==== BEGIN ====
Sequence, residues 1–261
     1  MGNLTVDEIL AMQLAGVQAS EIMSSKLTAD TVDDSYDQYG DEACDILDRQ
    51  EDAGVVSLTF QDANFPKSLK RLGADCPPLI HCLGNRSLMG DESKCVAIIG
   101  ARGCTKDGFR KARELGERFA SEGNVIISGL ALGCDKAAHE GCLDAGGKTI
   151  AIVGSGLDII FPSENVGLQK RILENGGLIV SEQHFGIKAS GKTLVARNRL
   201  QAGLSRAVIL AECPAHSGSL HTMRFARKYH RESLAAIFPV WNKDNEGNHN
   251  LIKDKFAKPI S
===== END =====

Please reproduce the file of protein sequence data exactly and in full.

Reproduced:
Sequence, residues 1–261
     1  MGNLTVDEIL AMQLAGVQAS EIMSSKLTAD TVDDSYDQYG DEACDILDRQ
    51  EDAGVVSLTF QDANFPKSLK RLGADCPPLI HCLGNRSLMG DESKCVAIIG
   101  ARGCTKDGFR KARELGERFA SEGNVIISGL ALGCDKAAHE GCLDAGGKTI
   151  AIVGSGLDII FPSENVGLQK RILENGGLIV SEQHFGIKAS GKTLVARNRL
   201  QAGLSRAVIL AECPAHSGSL HTMRFARKYH RESLAAIFPV WNKDNEGNHN
   251  LIKDKFAKPI S